Nutrition for Better Beginnings: Omega 3’s

 

This month another in a long line of research studies linking omega-3 consumption of expectant mothers to baby’s brain health was published. The study found that pregnant mice fed a diet similar to the American diet, which is typically low in Omega-3 fatty acids, birthed babies with smaller brains and abnormal emotional development compared to pregnant mice with adequate omega-3 intake.


The two types of omega-3 that are important for baby’s brain development are DHA and EPA. The minimum recommended intake of DHA+EPA for pregnant women is 1400 mg per week. To get there, aim to add two 6-ounce servings of omega-3 rich seafood per week (remember don’t eat RAW fish during pregnancy). Because some seafood is contaminated with mercury, which is harmful to developing fetuses, it is important to limit intake to 12 ounces per week. You might also consider adding a DHA/EPA supplement daily, and replacing corn oil, soybean oil, safflower oil and sunflower oil (and processed foods made from them, i.e. mayonnaise) with olive oil, nut oils, or canola oil instead (because the former compete with DHA/EPA). It’s useful to note that while flaxseeds and walnuts are very healthful and provide omega-3s, they do not contain DHA & EPA. If you are a vegetarian or vegan, consider a DHA supplement made from algae during pregnancy.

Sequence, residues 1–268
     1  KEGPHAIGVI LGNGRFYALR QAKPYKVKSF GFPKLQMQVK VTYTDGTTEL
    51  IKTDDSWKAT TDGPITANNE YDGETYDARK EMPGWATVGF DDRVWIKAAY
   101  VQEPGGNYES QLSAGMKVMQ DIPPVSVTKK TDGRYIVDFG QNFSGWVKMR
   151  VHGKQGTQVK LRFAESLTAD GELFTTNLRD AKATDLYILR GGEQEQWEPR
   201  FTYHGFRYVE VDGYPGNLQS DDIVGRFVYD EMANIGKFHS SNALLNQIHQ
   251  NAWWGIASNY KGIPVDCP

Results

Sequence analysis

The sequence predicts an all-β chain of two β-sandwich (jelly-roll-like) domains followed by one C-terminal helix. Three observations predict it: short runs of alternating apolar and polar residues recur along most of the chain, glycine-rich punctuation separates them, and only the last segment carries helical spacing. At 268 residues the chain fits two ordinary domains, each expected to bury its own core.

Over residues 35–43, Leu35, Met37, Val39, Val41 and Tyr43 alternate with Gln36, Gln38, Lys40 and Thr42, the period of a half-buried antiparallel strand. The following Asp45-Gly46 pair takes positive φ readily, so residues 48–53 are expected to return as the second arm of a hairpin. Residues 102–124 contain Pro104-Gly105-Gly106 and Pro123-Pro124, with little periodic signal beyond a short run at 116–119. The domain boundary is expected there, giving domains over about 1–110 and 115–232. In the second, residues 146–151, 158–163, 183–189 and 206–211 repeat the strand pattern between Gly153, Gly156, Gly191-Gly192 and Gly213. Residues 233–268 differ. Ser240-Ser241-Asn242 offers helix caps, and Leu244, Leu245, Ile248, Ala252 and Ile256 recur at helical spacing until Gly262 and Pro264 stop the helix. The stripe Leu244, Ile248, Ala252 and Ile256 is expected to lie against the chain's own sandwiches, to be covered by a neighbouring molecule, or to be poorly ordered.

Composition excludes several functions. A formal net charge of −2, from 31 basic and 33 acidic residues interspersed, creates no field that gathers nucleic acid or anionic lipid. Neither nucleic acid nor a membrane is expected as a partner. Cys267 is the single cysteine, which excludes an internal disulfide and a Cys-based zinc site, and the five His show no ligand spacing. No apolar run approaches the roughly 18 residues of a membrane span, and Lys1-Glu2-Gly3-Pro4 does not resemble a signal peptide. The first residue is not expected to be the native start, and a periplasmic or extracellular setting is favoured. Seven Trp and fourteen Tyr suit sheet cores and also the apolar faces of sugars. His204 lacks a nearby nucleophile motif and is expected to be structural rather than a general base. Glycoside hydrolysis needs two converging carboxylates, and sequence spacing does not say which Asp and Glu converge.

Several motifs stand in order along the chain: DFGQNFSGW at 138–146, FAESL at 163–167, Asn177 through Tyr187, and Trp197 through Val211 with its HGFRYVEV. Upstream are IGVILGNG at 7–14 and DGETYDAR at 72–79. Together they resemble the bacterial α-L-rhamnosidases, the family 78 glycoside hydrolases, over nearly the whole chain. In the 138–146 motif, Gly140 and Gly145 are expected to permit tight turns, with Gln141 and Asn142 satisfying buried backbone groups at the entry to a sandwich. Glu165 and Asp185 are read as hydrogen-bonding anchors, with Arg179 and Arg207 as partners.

Here is a great list of high DHA & EPA seafood with low mercury contamination.  Wild Salmon is a favorite, but personally, I think sardines are hidden gem when it comes to pregnancy nutrition. Six ounces of sardines contain a whopping 2200 mg of omega-3s (compared to 620 mg for a similar portion of salmon); have extremely low risk of mercury contamination since they are so small; and are very affordable! Try canned or fresh sardines in any spicy tomato sauce (think veracruzna, puttanesca, or diablo) or make a grown-up tuna fish sandwich replacement by mashing in a large bowl two 3.75 ounce cans of sardines (drained), 1/4 cup plain non-fat greek yogurt, 1 tablespoon fresh flat-leaf parsley, 2 teaspoons drained chopped capers, 1 teaspoon lemon zest, 2 teaspoons fresh lemon juice, and salt & pepper to taste. Or try this lovely recipe for Linguine with Sardines & Lemon from Bon Appetit (I recommend using whole wheat linguine for best nutrition).  You’ll be doing something great for your health and making sure your baby has the best possible beginning.


Registered Dietitian Nutritionist Lindsay Pasdera

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